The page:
This Day in National/World Weather History ...
 17 April 1922 → Seven tornadoes caused death and destruction along parts of a 210 mile swath from north of Ogden, IL to Allen County, OH, killing 16 people. There were three F2s, two F3s, and two F4s. A post card, picked up in Madison County, IN was found 124 miles away near Mount Cory, OH.
 17 April 1935 → A hailstone reportedly 8" in diameter hit near Ponca City, OK.
 17 April 1952 → Massive flooding throughout the Northern Plains and Upper Midwest reached its peak. Large portions of the Dakotas, Minnesota, and Iowa were inundated. At Sioux City, IA the Missouri River raced by at 30 mph filled with telephone poles, trees, furniture, and other debris from upstream. In the Omaha/Council Bluffs area 30,000 people were evacuated. At St Paul, MN the Mississippi hit a record high and forced 7000 people from their homes.
 17 April 1953 → A storm containing hail, ice, snow, sleet, and rain battered Oklahoma, with 10,000 claims turned into insurance companies.
 17 April 2004 → A 182-day long streak of no measurable rain began in San Diego, CA. The streak ended on October 17.

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December 25, 1983:

Winds of 20 to 30 mph, with occasionally higher gusts, combined with very light falling snow and loose surface snow to cause near-blizzard conditions and dangerously low wind chills in most of South Dakota, as well as in southwest and west central Minnesota, from the early evening of the 23rd into Christmas morning. Visibilities were frequently near zero and four- to five-foot drifts closed the vast majority of roads, making travel impossible. Hundreds of motorists became stranded during the evenings of December 23rd and 24th. In Minnesota, many holiday travelers heading west from Minneapolis and St. Paul drove to central Minnesota before conditions became too severe to continue. Winds and severe cold in the western part of Minnesota caused several power outages as well as the loss of livestock.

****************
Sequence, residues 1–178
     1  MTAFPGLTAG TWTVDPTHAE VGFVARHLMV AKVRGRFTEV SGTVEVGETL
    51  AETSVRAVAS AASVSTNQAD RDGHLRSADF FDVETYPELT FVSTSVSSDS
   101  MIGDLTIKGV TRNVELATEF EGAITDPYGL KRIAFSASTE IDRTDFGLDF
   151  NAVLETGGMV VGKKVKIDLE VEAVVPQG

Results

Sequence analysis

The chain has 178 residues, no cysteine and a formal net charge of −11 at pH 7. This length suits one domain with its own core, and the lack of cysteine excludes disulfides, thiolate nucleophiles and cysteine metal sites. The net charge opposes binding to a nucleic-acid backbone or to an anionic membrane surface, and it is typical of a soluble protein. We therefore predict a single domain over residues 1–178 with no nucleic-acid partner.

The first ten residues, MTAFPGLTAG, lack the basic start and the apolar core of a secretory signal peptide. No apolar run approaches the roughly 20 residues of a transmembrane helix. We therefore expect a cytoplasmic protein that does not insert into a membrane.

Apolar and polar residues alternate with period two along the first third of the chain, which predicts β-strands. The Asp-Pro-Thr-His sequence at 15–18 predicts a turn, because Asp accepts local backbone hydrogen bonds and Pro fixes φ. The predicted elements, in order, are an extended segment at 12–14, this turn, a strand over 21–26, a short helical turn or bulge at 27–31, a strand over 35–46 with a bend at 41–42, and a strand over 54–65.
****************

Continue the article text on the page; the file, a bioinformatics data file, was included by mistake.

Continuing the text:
In South Dakota, at least 70 vehicles were stalled at one point over a 14-mile stretch of Interstate 90 between Kennebec and Reliance in Lyman County. The Pierre Airport in Hughes County was closed twice on the 23rd as visibility was reduced to zero. Most flights were canceled at Sioux Falls Airport in Minnehaha County, stranding numerous holiday travelers. Sub-zero temperatures, combined with gusts of over 60 mph, produced wind chill indices in the 60 to 100 below zero range. Several cases of frostbite were reported, propane gas solidified, fuel jelled, and water pipes and tanks froze as a result of the extreme cold. In Minnehaha County at Wall Lake, electrical outages of 12 hours were experienced from power lines snapping as a result of the cold and winds.

December 25, 1985:

Very strong winds occurred across the entire area, gusting to 72 mph at Redig in Harding County and to 80 mph at Brookings in Brookings County. The winds produced ground blizzard conditions, forcing some cars off the road and causing many accidents. Many people were stranded in Gettysburg during this time. Eight inches of snow fell in Buffalo over the two day's time and became piled in very high drifts by the winds. Little to no new snow fell across the current Aberdeen forecast area.


Record Highs: Record Lows:
Aberdeen: 51 (1999) Aberdeen: -25 (1996)
Kennebec: 62 (1928) Kennebec: -18 (1983)
Mobridge: 51 (1963) Mobridge: -17 (1996)
Pierre: 56 (1999) Pierre: -16 (1983)
Sisseton: 54 (1994) Sisseton: -20 (1902)
Timber Lake: 53 (1963) Timber Lake: -22 (1983)
Watertown: 49 (1943) Watertown: -24 (1902)
Wheaton: 49 (1999) Wheaton: -28 (1914)

Record Precipitation: Record Snowfall:
Aberdeen: 0.36" (1950) Aberdeen: 5.1" (1950)
Kennebec: 0.50" (2009) Kennebec: 12.0" (2009)
Mobridge: 0.23" (2009) Mobridge: 6.4" (2009)
Pierre: 0.48" (2009) Pierre: 7.8" (2009)
Sisseton: 0.55" (2009) Sisseton: 13.9" (2009)
Timber Lake: 1.00" (1916) Timber Lake: 10.0" (2009)
Watertown: 0.24" (2009) Watertown: 5.8" (2009)
Wheaton: 0.45" (1942) Wheaton: 3.9" (2009)


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